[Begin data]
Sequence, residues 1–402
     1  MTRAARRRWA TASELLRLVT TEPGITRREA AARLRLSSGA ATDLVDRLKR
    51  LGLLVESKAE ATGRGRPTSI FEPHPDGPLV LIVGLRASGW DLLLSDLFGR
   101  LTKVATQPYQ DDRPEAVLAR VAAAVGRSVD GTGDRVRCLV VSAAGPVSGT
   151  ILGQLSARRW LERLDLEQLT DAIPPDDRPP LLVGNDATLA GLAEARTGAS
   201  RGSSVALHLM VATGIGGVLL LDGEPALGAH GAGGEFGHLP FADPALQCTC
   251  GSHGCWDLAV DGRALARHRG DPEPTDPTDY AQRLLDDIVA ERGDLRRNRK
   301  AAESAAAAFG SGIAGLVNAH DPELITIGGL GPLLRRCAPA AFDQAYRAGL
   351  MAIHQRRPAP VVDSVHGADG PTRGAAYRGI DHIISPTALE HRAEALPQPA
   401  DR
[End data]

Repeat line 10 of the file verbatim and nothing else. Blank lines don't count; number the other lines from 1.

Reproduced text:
   401  DR